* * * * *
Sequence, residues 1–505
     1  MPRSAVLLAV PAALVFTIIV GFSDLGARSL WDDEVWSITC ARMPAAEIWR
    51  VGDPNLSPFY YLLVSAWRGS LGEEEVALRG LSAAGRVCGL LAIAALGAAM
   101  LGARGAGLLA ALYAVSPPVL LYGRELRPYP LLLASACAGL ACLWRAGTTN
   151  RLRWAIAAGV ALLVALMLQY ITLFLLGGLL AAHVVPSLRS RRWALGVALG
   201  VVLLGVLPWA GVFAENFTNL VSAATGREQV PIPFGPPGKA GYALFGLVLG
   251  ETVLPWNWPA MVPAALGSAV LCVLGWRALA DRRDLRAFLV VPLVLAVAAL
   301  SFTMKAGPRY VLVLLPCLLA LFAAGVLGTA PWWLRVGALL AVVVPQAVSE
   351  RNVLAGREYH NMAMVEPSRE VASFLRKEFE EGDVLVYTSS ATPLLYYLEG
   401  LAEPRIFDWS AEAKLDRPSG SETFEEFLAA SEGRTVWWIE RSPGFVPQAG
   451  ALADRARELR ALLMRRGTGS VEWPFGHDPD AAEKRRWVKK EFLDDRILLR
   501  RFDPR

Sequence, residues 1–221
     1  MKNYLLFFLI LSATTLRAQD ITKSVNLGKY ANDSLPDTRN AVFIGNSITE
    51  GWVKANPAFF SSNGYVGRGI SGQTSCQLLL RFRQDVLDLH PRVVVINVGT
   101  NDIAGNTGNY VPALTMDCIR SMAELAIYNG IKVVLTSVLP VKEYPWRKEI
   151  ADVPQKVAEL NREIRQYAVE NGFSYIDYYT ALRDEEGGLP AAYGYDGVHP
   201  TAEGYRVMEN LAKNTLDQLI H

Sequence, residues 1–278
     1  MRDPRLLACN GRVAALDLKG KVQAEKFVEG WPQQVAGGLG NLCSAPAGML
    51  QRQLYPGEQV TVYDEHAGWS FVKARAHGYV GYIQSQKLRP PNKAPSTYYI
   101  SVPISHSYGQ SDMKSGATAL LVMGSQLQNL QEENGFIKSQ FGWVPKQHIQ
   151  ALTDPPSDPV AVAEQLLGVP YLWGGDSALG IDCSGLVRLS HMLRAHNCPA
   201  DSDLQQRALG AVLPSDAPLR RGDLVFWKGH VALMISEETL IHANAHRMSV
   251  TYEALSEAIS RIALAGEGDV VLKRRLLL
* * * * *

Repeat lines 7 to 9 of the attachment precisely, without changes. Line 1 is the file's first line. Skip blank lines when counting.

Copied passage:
   251  ETVLPWNWPA MVPAALGSAV LCVLGWRALA DRRDLRAFLV VPLVLAVAAL
   301  SFTMKAGPRY VLVLLPCLLA LFAAGVLGTA PWWLRVGALL AVVVPQAVSE
   351  RNVLAGREYH NMAMVEPSRE VASFLRKEFE EGDVLVYTSS ATPLLYYLEG